In the movie “Goodfellas,” Robert De Niro famously advises that the two greatest life lessons are “Never rat on your friends, and always keep your mouth shut.”  Those are good rules if you’re in a crime syndicate.  But as most lawyers know, our Rules of Professional Conduct can actually require us to “rat out” our fellow lawyers, under some limited circumstances.  Model Rule 8.3(a), adopted in some version in almost all jurisdictions, says:

“A lawyer who knows that another lawyer has committed a violation of the Rules of Professional Conduct that raises a substantial question as to that lawyer’s honesty, trustworthiness or fitness as a lawyer in other respects, shall inform the appropriate professional authority.”

Rule 8.3(b) applies the principle to judges.

But do you ever have to, in effect, rat yourself out — self-reporting your own ethical misconduct?

In almost every jurisdiction (my home state of Ohio is an exception), the answer is “No.”  The Model Rule, as incorporated into almost all the state professional conduct rules and the rules of the District of Columbia, deals expressly with reporting the ethical misconduct of “another lawyer.”  Under that language, there is no ethical duty to self-report your own violation of the professional conduct rules.  In some jurisdictions, though, self-reporting might be considered as part of the mitigating factors that can reduce the severity of professional discipline, as a recent Nevada opinion illustrates.

Stayed suspensions for trust fund misconduct

In the Nevada case, two lawyers got one-year fully-stayed suspensions after their employee improperly used more than $1 million in client trust account funds to pay firm business expenses.  As described in the state supreme court’s opinion, the two lawyers admitted they violated Nevada’s version of Model Rule 5.3, by failing to properly supervise a non-lawyer assistant, and they agreed to the sanction.  The lawyers were not aware of the non-lawyer’s actions.  And, strikingly, “Within fifteen minutes of discovering the non-lawyer assistant’s improper trust fund transfers,” they “self-reported to the State Bar.”  In accepting the proposed discipline, the supreme court noted the lawyers’ “full and free disclosure to disciplinary authority.”  It also helped that the lawyers immediately hired a forensic accountant for an audit, and began repaying the trust account shortfall out of earned fees.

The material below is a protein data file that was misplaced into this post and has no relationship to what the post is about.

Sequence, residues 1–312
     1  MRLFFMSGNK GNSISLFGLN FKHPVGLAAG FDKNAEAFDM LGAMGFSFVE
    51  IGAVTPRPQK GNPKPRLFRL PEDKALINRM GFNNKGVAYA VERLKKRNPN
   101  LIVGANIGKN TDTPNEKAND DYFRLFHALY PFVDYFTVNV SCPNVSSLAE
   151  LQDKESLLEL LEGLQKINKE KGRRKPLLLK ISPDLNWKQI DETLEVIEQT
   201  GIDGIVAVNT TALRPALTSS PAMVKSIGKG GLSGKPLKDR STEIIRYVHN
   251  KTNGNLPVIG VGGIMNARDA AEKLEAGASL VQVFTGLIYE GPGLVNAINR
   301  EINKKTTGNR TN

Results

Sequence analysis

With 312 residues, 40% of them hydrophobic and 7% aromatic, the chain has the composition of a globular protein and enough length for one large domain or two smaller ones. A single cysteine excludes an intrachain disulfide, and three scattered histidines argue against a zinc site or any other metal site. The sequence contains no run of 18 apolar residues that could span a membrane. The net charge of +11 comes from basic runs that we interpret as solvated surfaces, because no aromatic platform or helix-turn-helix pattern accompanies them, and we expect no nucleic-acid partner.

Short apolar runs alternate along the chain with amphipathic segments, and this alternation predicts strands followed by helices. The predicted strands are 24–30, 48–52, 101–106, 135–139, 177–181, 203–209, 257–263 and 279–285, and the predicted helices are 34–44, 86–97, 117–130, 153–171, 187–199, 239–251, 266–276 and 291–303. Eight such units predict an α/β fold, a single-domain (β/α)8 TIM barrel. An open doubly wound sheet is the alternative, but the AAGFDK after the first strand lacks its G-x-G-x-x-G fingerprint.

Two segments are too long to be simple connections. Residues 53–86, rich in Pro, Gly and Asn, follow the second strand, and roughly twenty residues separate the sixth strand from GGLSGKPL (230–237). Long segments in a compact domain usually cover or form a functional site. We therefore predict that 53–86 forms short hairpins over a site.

… And you might have to self-report crimes and/or other discipline

The general rule excusing you from ratting on yourself is turned upside down in many places, however, when it comes to self-reporting discipline that is imposed on you by a court (for instance a federal court) or by a disciplinary authority in another jurisdiction.  In those cases, many jurisdictions require you to bring the matter to the attention of your home state’s disciplinary body.  It’s not the misconduct itself, but the fact of disciplinary action emanating from somewhere besides your home jurisdiction’s highest court that triggers this kind of self-reporting duty.

You also might have a duty to self-report if you are charged with or convicted of a crime.  If (heaven forbid) you find yourself in that situation, you should get advice about what your jurisdiction requires of you, including any mandatory time frames on self-reporting.

Carve-out for lawyer assistance programs

Last, a PSA:  If you are struggling with a mental health problem, or with substance abuse, be aware that the lawyer assistance program that every jurisdiction has is very likely exempted from reporting to disciplinary authorities misconduct that its staff lawyers learn of in the course of helping you.  Check your own state’s version of Model Rule 8.3(c), but those I’m aware of have some form of the Model Rule’s carve-out:   “This Rule does not require disclosure of information otherwise protected by Rule 1.6 or information gained by a lawyer or judge while participating in an approved lawyers assistance program.”

Here in Ohio, our lawyer assistance program advises that no disciplinary problem is ever made worse by seeking help.

Greetings 2018!  Time for some ethics trend predictions to kick off the Year of the Dog (according to the Chinese zodiac).  Let it be a year in which you doggedly pursue ethical practice (ouch).  No more bad puns — here’s what’s hot as we begin the year:

Law firm cyber-security